by Cat Hellisen
Publisher: Henry Holt and Co.
Reading level: MG
Book type: prose novel
Sarah has always been on the move. Her mother hates the cold, so every few months her parents pack their bags and drag her off after the sun. She’s grown up lonely and longing for magic. She doesn’t know that it’s magic her parents are running from.
When Sarah’s mother walks out on their family, all the strange old magic they have tried to hide from comes rising into their mundane world. Her father begins to change into something wild and beastly, but before his transformation is complete, he takes Sarah to her grandparents—people she has never met, didn’t even know were still alive.
Deep in the forest, in a crumbling ruin of a castle, Sarah begins to untangle the layers of curses affecting her family bloodlines, until she discovers that the curse has carried over to her, too. The day she falls in love for the first time, Sarah will transform into a beast... unless she can figure out a way to break the curse forever.
(synopsis from Goodreads)
It's been a while since I've read a fairytale-esque fairytale retelling. Beastkeeper certainly fits the bill, with a story about curses and family and love and ever-afters.
Please, dear author, I want some more...
I was a bit confused at first as to why the author would choose to write this story for middle graders rather than young adults. After all, we're talking about a thirteen-year-old girl and a curse based on love. Can thirteen-year-olds really fall in love? If they do, is it really appropriate? These were my thoughts as I was reading the story, especially after Alan came into the picture. But, after finishing the story, I get why the author choose to make her heroine so young. The love in this story isn't just romantic love... and having a younger narrator actually helped make certain parts of the plot more intricate and interesting.
While this is not a straight retelling of a standard fairytale, Beastkeeper probably has the most in common with "Beauty and the Beast", with the original beastly curse coming about because of vanity, jealousy, and retribution. I like that the curse in this book is multi-generational. Sarah was just as vulnerable to the original curse as her father and her grandfather before her. Fair or not, it's an interesting take on the concept.
I really like most of the characters, even our thirteen-year-old heroine. Middle-grade narrators can sometimes be a little hit-or-miss. If they're not done quite right, they can come across as sounding like stilted little adults... which isn't very believable. But Sarah manages to sound both young and modern, while also keeping within the fairytale flavour of the book. She doesn't use jarring jargon that might pull a reader out of the atmosphere of the story. The villains are also complex and nuanced, with good reasons for acting the way they do. One of them, especially, is one that readers are bound to love... if only because she's so easy to hate.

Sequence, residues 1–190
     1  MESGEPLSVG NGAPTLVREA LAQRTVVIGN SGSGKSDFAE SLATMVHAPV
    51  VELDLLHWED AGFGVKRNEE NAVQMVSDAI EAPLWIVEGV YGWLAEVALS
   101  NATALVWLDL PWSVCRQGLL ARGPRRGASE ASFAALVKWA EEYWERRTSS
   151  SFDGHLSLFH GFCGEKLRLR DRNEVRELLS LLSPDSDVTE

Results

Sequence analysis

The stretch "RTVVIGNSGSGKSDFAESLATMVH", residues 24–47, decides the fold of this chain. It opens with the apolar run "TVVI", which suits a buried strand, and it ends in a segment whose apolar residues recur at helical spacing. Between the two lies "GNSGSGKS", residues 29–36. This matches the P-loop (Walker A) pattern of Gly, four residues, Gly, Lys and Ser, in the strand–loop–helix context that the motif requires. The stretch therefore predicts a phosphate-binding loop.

The writing in this book is also very lovely: lyrical, evocative, and colourful, without straying too far into purple-prose territory. Some of the settings are so vividly described, with such wonderful little details, that I could easily imagine all aspects of them: the scents, the sounds, the sights... even the temperature. It really works well in a book with such a magical setting.
It's all a matter of taste...
The one thing I wasn't crazy about was that the ending felt a little bit rushed, and I wasn't sure why one character had a particular outcome (unless it was simply for shock value). A few more pages to flesh out the ending might have been nice... though I don't think I would have actually changed what happened. It's a pacing issue more than anything else.
I was also a little confused by the terms of the curses... though I may just need to go back and reread the explanations.
Let's get technical...
Aside from a couple of continuity issues (which may have just been sloppy editing), the writing in this book is pretty strong. I don't have many complaints.
Beastkeeper is a lovely addition to the fairytale retelling genre, perfect for fans of old-fashioned fairytales and more modern fantasies alike. Even though it's technically in the middle grade category, I wouldn't hesitate to recommend it to fans of young adult books. It's perfectly suitable for older readers as well.
There was a long silence, drawn out and stretched like a strand of bubblegum.
Sarah tiptoed along the landing toward her parents' room and wondered what flavor silence was, and if it grew hard and brittle if you threw it away, or if people sometimes stepped on wads of discarded silence and it stuck to the soles of their shoes and made their footfalls softer.
She stepped on the silences, and padded fox-quiet.
Overall Rating: 4.38 out of 5 ladybugs